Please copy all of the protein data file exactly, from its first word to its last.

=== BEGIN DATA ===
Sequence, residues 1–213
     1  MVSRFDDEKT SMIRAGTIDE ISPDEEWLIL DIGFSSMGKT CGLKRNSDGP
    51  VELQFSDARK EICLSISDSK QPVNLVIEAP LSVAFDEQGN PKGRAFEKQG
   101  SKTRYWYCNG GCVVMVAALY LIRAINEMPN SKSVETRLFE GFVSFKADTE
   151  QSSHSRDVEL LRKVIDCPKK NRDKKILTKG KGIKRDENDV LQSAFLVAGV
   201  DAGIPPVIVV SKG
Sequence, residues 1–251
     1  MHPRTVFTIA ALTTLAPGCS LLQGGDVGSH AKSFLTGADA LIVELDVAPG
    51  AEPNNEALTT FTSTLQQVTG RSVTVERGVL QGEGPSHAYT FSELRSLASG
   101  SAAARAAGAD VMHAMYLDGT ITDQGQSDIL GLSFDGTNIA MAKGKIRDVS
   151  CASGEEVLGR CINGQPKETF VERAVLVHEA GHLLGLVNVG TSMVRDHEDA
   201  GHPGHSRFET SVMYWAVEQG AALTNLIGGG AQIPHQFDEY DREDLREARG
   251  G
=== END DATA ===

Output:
Sequence, residues 1–213
     1  MVSRFDDEKT SMIRAGTIDE ISPDEEWLIL DIGFSSMGKT CGLKRNSDGP
    51  VELQFSDARK EICLSISDSK QPVNLVIEAP LSVAFDEQGN PKGRAFEKQG
   101  SKTRYWYCNG GCVVMVAALY LIRAINEMPN SKSVETRLFE GFVSFKADTE
   151  QSSHSRDVEL LRKVIDCPKK NRDKKILTKG KGIKRDENDV LQSAFLVAGV
   201  DAGIPPVIVV SKG
Sequence, residues 1–251
     1  MHPRTVFTIA ALTTLAPGCS LLQGGDVGSH AKSFLTGADA LIVELDVAPG
    51  AEPNNEALTT FTSTLQQVTG RSVTVERGVL QGEGPSHAYT FSELRSLASG
   101  SAAARAAGAD VMHAMYLDGT ITDQGQSDIL GLSFDGTNIA MAKGKIRDVS
   151  CASGEEVLGR CINGQPKETF VERAVLVHEA GHLLGLVNVG TSMVRDHEDA
   201  GHPGHSRFET SVMYWAVEQG AALTNLIGGG AQIPHQFDEY DREDLREARG
   251  G